Yes. You can stop. It’s important that you learn now, before you do permanent damage to a promising relationship.
I’m sure you already know that the jealousy has nothing to do with your girlfriend. From what you wrote, she isn’t doing anything inapporpriate. The problem is inside of you. Your insecurity and/or low self-esteem is getting in your way and is showing up as jealousy.
Do you feel you don’t deserve the girlfriend? Are you convinced that you aren’t attractive or interesting enough to hold onto someone who loves you? Are you sure that rejection is the end of the world and that you can’t handle that possibility? The common denominator of all of them is fear — fear that you aren’t quite enough or don’t have the skills to be in a close relationship. Those are ideas, beliefs, and attitudes that you need to work on.
Your fears will not be reduced by controlling her activities. If you make controlling demands, she will eventually do exactly what you fear: She’ll give up on you and put as much distance as she can from you.
As a teen, you are not at all alone in these feelings. Jealousy is a normal emotion that everyone has to learn how to deal with as they become adults. Most teens are unsure of themselves when they start a new relationship. Most teens are afraid of rejection.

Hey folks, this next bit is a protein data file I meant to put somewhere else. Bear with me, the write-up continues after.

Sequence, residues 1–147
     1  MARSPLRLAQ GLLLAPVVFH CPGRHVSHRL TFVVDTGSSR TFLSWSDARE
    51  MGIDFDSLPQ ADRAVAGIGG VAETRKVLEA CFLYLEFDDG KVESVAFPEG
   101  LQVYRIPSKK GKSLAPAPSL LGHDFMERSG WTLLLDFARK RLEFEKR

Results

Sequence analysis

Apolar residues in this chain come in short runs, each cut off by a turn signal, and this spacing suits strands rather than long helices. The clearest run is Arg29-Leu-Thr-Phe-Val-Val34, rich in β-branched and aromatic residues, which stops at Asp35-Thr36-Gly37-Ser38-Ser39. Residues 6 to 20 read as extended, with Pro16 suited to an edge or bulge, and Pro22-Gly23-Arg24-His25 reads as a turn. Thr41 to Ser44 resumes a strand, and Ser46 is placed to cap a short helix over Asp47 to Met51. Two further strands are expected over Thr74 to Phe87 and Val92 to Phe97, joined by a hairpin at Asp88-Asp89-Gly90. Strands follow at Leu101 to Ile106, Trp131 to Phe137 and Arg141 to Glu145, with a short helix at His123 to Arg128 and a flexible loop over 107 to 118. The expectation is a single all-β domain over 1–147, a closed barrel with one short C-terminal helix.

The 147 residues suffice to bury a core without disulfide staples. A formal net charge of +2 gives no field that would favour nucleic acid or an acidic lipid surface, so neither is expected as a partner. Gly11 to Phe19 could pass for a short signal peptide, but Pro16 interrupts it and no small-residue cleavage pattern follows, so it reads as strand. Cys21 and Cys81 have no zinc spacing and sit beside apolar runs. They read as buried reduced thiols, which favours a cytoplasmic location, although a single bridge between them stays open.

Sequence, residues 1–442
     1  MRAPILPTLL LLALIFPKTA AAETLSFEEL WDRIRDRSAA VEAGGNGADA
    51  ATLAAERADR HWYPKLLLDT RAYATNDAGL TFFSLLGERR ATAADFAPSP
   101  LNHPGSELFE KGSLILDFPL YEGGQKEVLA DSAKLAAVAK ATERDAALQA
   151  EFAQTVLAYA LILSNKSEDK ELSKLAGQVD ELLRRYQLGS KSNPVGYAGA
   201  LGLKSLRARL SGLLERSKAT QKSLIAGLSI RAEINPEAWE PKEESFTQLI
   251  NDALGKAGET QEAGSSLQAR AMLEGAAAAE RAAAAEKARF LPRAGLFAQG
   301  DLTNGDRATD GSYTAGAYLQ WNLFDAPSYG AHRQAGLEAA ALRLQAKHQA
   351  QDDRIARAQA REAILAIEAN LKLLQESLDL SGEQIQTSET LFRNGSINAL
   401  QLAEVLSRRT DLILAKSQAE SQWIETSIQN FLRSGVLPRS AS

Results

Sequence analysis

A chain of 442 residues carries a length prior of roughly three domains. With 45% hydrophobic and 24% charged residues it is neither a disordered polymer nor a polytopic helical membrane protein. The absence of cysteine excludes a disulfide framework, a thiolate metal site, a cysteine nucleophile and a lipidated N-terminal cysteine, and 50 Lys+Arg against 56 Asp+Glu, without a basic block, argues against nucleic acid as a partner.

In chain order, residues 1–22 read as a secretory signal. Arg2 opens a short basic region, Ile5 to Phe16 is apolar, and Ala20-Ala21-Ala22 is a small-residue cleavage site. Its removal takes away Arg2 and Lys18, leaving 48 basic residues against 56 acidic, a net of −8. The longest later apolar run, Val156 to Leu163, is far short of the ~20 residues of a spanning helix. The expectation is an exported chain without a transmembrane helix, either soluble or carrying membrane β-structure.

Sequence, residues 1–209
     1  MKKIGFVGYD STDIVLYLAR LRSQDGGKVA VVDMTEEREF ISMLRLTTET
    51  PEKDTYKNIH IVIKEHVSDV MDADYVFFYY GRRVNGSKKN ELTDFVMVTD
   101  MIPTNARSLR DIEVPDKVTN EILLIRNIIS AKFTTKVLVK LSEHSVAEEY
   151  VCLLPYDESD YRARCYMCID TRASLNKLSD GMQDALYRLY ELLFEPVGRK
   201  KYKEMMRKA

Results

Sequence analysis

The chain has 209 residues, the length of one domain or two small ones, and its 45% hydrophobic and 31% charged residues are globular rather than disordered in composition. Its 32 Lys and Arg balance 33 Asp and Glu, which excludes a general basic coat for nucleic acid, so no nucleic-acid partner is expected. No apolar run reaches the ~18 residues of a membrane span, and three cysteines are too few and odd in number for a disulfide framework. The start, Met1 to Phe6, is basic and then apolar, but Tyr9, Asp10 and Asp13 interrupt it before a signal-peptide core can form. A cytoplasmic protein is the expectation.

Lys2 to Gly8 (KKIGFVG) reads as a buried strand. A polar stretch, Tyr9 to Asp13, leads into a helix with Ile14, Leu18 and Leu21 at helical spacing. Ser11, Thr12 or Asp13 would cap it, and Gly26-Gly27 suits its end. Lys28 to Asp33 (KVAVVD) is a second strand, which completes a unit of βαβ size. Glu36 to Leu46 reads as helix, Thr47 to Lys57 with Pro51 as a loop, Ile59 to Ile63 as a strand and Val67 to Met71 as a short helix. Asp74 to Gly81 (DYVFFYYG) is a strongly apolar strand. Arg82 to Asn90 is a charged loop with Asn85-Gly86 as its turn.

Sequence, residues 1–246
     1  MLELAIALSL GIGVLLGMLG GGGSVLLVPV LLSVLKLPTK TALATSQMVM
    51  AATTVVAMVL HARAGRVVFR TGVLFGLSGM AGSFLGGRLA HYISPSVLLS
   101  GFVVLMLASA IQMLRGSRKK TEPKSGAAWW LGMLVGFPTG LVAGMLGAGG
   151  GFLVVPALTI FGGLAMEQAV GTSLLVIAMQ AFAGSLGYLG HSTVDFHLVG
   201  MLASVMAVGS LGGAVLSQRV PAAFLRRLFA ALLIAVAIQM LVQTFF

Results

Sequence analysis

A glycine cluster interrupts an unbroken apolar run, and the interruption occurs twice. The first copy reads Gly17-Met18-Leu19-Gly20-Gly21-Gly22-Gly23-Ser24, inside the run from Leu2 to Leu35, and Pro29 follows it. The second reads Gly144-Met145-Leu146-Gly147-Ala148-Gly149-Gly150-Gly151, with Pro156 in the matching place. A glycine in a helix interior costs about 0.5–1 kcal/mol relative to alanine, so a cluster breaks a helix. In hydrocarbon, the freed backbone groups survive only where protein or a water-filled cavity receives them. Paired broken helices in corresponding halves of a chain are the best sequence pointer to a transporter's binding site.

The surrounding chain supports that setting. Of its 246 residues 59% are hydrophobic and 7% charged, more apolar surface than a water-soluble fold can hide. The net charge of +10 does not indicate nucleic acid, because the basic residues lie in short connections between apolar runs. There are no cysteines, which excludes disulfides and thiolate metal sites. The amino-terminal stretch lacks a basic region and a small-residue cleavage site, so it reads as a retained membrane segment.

The teen years are the time when people develop the skills needed to be close to someone and both the self-confidence to risk rejection and the skills to handle it if it happens. If you have friends you trust enough to talk with about your feelings, you will find that many of them feel as you do. Some have better ways to cover it than others. Some have developed enough strength to manage their jealous feelings and may be able to give you some ideas for how to develop yours.
You do need to take a hard look at yourself and try to figure out the root of your fear and what you need to do about it. If you can’t do that on your own, do consider seeing a therapist to work on it with you.
In days of social distancing, you may not be able to find a therapist who will work with you face to face but many therapists are now offering online therapy. You can also join a forum here at Psych Central. The forums are social communities of people who are struggling with the same issue and who offer support and advice to each other. There are also several self-help workbooks on building self-esteem for teens available at bookstore sites. Working your way through one of those is also a good place to start.
I wish you well.